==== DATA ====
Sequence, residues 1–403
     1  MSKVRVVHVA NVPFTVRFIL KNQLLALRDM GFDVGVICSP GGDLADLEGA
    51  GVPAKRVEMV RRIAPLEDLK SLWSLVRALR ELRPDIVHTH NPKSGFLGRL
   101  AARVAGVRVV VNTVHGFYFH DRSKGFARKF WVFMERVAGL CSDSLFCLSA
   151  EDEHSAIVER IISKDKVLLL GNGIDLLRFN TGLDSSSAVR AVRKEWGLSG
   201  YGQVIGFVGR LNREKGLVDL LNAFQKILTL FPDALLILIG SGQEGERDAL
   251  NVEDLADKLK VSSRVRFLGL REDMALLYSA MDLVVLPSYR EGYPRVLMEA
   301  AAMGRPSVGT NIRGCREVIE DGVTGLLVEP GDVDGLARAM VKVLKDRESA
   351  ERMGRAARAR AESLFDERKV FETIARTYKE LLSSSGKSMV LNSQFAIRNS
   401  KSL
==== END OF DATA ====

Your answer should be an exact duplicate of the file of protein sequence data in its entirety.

Sequence, residues 1–403
     1  MSKVRVVHVA NVPFTVRFIL KNQLLALRDM GFDVGVICSP GGDLADLEGA
    51  GVPAKRVEMV RRIAPLEDLK SLWSLVRALR ELRPDIVHTH NPKSGFLGRL
   101  AARVAGVRVV VNTVHGFYFH DRSKGFARKF WVFMERVAGL CSDSLFCLSA
   151  EDEHSAIVER IISKDKVLLL GNGIDLLRFN TGLDSSSAVR AVRKEWGLSG
   201  YGQVIGFVGR LNREKGLVDL LNAFQKILTL FPDALLILIG SGQEGERDAL
   251  NVEDLADKLK VSSRVRFLGL REDMALLYSA MDLVVLPSYR EGYPRVLMEA
   301  AAMGRPSVGT NIRGCREVIE DGVTGLLVEP GDVDGLARAM VKVLKDRESA
   351  ERMGRAARAR AESLFDERKV FETIARTYKE LLSSSGKSMV LNSQFAIRNS
   401  KSL